You might be aware that when you share your photo on social media, the opportunity for someone to take a photo of it and post it without consent is extremely high. This has led to a number of people taking steps like using Instagram ‘s native “privacy” setting, or just not posting anything they don’t want posted publicly. However, there are still many other ways in which this can happen – here’s how to avoid those unwanted photos!

The “how to avoid copyright infringement on social media” is a question that I am often asked. The answer is quite simple, but it can be difficult to follow the steps and make sure you are not infringing on someone else’s rights.

How to Avoid Unwanted Photos on Social Media

Everyone now has a camera in their pocket thanks to cellphones. Nearly every social event—even those that should remain private—tends to wind up on the internet, thanks to individuals capturing everything from parties to their beauty rituals. Your picture is certain to appear in some blogs you don’t like at some point.

Consider your alternatives before getting worked up: you may untag yourself, request that the user remove the picture or video, or report the post if it violates the platform’s guidelines. In certain situations, you may be able to file a lawsuit.

What you should know is as follows.

According to Mallory King, a copyright and internet law attorney with Traverse Legal in Michigan, anyone takes a picture is the copyright owner, and so has the rights to disseminate the photo anywhere they want—especially if it was shot at a public event.

“Posting it on their social media page is generally OK if they’re not attempting to slander you or monetize the picture,” Ms. King said. Reposting a picture without permission if your buddy didn’t take it is, however, illegal, she noted. If you filmed it, you may report the post as your intellectual property and request that it be removed from the social networking platform.

Other nations have different regulations. People in France are normally required to express their agreement before being photographed in private settings or having their photographs published. Anyone convicted of publishing a person’s photograph without permission faces up to a year in jail, however the country’s privacy agency advises individuals to seek image removal before submitting a complaint.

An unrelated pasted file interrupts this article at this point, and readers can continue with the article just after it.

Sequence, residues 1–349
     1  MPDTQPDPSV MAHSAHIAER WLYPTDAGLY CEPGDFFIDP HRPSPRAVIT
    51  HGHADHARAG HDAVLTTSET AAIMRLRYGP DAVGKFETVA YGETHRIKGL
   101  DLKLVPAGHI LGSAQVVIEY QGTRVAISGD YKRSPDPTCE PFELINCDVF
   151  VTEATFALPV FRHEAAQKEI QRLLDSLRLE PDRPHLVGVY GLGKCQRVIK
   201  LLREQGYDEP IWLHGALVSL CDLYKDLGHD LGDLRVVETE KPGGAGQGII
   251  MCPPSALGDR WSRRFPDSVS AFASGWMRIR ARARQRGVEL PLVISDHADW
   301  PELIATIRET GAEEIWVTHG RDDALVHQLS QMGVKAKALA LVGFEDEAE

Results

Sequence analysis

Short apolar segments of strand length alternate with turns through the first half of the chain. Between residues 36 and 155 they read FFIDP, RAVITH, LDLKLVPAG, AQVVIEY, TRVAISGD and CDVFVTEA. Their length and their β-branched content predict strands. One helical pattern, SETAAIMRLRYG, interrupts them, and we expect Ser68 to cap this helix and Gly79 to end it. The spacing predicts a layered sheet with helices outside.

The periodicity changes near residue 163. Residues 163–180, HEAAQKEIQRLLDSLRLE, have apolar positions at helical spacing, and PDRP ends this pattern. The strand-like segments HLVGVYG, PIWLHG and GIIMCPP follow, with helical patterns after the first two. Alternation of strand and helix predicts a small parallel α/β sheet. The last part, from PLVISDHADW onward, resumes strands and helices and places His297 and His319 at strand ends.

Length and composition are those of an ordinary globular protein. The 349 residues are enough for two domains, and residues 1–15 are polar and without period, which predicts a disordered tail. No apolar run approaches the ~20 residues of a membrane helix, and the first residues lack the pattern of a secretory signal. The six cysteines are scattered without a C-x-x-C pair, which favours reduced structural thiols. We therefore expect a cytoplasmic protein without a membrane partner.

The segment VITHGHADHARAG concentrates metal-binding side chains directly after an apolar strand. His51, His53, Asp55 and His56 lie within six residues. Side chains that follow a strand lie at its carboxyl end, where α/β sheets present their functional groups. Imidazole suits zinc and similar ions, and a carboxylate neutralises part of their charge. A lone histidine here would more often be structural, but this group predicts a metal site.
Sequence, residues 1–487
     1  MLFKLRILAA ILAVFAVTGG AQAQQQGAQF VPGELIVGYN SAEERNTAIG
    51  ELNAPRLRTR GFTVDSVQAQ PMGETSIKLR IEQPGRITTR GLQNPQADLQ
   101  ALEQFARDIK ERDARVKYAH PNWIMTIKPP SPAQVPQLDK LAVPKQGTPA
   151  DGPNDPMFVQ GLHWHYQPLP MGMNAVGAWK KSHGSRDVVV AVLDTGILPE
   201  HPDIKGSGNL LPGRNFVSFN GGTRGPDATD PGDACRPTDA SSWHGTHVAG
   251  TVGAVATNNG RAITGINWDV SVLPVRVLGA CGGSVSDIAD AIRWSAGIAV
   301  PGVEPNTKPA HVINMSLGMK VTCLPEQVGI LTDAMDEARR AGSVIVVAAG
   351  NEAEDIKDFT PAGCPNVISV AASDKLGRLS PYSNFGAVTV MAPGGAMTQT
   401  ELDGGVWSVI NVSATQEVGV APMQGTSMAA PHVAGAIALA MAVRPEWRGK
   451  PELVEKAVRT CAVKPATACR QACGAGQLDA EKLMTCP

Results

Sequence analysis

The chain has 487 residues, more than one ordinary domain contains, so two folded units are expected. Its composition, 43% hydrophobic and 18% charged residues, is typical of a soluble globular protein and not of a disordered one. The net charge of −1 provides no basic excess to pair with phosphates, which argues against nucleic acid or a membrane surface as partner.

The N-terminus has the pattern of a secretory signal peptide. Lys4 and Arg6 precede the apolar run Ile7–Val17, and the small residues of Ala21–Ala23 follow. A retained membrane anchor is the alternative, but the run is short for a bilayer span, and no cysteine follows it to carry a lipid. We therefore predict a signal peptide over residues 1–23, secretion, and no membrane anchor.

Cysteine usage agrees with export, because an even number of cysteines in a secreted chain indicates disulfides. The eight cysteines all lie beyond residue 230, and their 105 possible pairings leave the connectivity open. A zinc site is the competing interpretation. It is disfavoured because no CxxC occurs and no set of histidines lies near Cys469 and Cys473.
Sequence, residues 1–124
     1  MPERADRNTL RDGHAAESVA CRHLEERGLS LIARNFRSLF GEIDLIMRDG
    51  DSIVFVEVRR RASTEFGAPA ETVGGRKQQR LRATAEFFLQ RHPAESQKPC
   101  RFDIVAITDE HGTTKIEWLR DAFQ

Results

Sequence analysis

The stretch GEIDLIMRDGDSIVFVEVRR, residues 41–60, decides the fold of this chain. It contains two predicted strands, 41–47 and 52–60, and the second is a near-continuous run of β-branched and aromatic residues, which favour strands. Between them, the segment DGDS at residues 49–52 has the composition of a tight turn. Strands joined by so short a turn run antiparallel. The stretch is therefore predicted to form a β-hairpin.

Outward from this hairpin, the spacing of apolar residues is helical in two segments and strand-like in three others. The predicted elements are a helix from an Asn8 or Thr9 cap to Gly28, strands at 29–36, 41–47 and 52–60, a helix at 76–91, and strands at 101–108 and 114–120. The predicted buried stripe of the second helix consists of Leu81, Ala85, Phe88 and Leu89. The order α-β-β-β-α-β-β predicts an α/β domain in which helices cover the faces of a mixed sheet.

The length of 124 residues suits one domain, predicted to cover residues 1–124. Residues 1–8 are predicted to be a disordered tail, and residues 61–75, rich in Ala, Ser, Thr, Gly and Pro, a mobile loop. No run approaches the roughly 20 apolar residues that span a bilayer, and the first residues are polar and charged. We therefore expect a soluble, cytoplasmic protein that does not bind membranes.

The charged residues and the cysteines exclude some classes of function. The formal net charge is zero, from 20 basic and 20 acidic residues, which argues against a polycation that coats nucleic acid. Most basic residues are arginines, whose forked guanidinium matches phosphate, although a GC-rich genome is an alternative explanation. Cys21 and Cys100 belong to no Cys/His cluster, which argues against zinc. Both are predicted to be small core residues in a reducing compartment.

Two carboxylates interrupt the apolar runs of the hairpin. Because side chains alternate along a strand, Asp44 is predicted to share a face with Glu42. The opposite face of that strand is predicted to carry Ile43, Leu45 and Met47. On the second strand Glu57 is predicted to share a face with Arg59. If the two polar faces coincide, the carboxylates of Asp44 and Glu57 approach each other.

It remains unethical.

While the individual who posted your photo without your consent may be legally permitted to do so, it may raise ethical difficulties. They have no idea how it will affect your life after the event—perhaps you’re searching for a new job and don’t want your potential employer to see you at a wild bachelorette party.

“If you saw the picture online but didn’t grant permission, you can feel extremely exposed or like your privacy was invaded,” said Elaine Swann, a manners expert and founder of the Swann School of Protocol in California.

Many individuals are apprehensive about appearing on the internet. Even those who are comfortable with it want to have some influence over what is shared.

If you’re job hunting and don’t want prospective employers to see your social media history, you can temporarily disable your account. On the iPhone app for Meta Platforms’ Facebook, do that by going to Settings & Privacy > under Account, select Personal and Account Information > Account Ownership and Control > Deactivation and deletion. On the Instagram app, tap Settings > Account > Delete Account > Disable Account. You can keep those accounts disabled for as long as you want, and just sign back in to unlock them.

With Twitter, you can deactivate your account for 30 days by tapping Settings and privacy > Your account > Deactivate your account. But you must reactivate it within a month or your account will be permanently deleted.



On Instagram and Twitter, which are public by default for adults, you also can make your profile private. Doing so limits what people who don’t follow you can see. On Instagram, hit Settings > Privacy and toggle on Private Account. On Twitter, go to Settings and privacy > Privacy and safety > Audience and tagging, then drag the Protect your Tweets slider to on.

If you’re very sensitive, you may choose not to have a profile at all—though this won’t stop others from posting photographs of you. They may still publish images and videos, but you will not be tagged in them, and you may be unaware of them.

What you’re capable of.